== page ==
Some 300 enslaved migrant fishermen were carried to freedom on Saturday in trawlers which they had been forced to work from, as they were rescued from a remote Indonesian island.
The men travelled for 17 hours overnight from the island of Benjina to Tual, where they entered the site of their new temporary home, and will sleep in a large open-air pavilion.
Following an investigation by the Associated Press (AP) which revealed the situation these slaves were faced with, Indonesian officials visited the island village of Benjina on Friday, and offered to immediately evacuate the men from their holdings.
The captors snared the men by luring or tricking them men into leaving their home countries to go to Thailand, and were forced the men to catch seafood which was exported worldwide, to nations including the US.
Officials found that the captives were living in brutal conditions, where a man known as the “enforcer” was hired by boat captains to punish them for what was deemed misbehaviour.
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The AP report also uncovered videos of migrants locked in a cage, as well as a slave graveyard. The men gave reporters disturbing accounts of how they were beaten and shocked with Taser-like devices at sea, forced to work with few breaks and without clean water or proper food, paid little or nothing and prevented from going home.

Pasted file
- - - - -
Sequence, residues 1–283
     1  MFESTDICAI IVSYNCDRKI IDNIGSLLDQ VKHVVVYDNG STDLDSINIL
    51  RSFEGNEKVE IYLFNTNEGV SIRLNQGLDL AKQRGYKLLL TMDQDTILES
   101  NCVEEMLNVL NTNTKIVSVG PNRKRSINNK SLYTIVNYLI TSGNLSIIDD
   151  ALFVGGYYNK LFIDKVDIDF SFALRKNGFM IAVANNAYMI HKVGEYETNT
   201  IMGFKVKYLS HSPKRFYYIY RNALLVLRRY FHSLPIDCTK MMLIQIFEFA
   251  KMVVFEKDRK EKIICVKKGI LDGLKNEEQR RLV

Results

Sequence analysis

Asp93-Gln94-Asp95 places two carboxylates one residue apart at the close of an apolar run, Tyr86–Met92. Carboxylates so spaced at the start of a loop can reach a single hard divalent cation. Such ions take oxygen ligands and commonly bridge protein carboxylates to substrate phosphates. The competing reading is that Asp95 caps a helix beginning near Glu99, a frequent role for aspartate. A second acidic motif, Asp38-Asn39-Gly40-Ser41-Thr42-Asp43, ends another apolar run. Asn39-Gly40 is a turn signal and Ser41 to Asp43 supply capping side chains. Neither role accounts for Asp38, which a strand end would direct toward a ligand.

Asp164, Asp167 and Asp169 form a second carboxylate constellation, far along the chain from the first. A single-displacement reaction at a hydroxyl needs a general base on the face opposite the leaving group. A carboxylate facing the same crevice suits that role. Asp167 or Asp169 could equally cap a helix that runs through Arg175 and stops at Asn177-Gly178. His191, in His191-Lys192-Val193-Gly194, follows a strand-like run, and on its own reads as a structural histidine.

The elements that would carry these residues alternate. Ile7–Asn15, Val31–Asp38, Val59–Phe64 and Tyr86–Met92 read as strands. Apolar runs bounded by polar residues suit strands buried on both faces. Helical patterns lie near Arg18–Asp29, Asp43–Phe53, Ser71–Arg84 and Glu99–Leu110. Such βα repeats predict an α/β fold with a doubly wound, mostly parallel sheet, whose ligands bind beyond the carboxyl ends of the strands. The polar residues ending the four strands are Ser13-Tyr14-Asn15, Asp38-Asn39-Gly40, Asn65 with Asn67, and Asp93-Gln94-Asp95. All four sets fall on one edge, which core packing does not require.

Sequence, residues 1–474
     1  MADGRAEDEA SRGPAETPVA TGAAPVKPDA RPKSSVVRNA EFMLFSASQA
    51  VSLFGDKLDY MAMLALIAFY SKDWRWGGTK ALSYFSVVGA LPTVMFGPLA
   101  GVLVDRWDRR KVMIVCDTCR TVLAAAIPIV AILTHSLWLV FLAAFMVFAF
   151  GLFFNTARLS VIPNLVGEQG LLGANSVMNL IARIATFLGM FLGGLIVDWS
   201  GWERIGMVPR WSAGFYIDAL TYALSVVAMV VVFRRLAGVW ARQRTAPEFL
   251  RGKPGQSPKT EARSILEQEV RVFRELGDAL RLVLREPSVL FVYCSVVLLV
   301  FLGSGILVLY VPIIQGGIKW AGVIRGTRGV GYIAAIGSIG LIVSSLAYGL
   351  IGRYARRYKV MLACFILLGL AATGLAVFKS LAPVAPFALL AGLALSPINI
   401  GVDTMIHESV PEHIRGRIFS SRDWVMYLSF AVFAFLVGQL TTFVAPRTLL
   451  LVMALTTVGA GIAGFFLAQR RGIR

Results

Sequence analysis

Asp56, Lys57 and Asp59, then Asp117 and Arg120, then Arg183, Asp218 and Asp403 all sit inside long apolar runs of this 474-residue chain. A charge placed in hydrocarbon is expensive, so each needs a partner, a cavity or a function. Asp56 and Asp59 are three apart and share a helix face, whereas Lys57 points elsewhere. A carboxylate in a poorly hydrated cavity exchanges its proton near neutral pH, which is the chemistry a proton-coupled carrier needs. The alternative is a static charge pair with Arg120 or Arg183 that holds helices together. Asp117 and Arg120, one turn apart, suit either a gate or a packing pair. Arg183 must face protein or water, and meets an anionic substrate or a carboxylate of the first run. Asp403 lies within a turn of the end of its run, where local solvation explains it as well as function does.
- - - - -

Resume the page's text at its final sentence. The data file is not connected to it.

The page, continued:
When they arrived in Burma, the rescued men were given traditional packets of Indonesian rice wrapped in paper, while the sick and injured received medical treatment.
Officials from Burma are to visit the island next week to help bring the men home, and locate others who are still trapped on Benjina - an island so remote that a mobile phone mast was only erected last month.
Aung Aung, 26, who lifted his hair on the left side of his head to show a fat, jagged scar stretching from his lip to the back of his neck — the result of a machete attack by his captain's son, said: “I'm so happy, I wanted to go home for so long. I missed home and especially after I was cut ... I was afraid I would die there.“
On Friday, the US State Department said it was calling on Burma to quickly repatriate the men. US companies unwittingly buying seafood with links to the supply chain, including Wal-Mart, also pressed for action and commended Indonesian officials.
"We don't condone human trafficking in the supply chain, and we applaud the government's work to end this abuse. Our hearts go out to these men, and we wish them well on their journeys home," said Marilee McInnis, spokeswoman for Wal-Mart.
Additional reporting by APReuse content